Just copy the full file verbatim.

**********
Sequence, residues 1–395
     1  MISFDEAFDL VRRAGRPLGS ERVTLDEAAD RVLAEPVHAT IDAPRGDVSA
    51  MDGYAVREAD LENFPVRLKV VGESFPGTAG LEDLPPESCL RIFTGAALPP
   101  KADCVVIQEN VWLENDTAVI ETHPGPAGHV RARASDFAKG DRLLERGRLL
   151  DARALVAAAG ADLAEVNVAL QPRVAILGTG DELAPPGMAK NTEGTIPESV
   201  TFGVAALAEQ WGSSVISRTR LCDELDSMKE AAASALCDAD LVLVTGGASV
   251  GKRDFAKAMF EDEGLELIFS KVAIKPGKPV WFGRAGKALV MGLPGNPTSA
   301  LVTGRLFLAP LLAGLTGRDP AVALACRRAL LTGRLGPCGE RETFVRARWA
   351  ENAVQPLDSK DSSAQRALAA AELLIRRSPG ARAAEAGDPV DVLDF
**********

Sequence, residues 1–395
     1  MISFDEAFDL VRRAGRPLGS ERVTLDEAAD RVLAEPVHAT IDAPRGDVSA
    51  MDGYAVREAD LENFPVRLKV VGESFPGTAG LEDLPPESCL RIFTGAALPP
   101  KADCVVIQEN VWLENDTAVI ETHPGPAGHV RARASDFAKG DRLLERGRLL
   151  DARALVAAAG ADLAEVNVAL QPRVAILGTG DELAPPGMAK NTEGTIPESV
   201  TFGVAALAEQ WGSSVISRTR LCDELDSMKE AAASALCDAD LVLVTGGASV
   251  GKRDFAKAMF EDEGLELIFS KVAIKPGKPV WFGRAGKALV MGLPGNPTSA
   301  LVTGRLFLAP LLAGLTGRDP AVALACRRAL LTGRLGPCGE RETFVRARWA
   351  ENAVQPLDSK DSSAQRALAA AELLIRRSPG ARAAEAGDPV DVLDF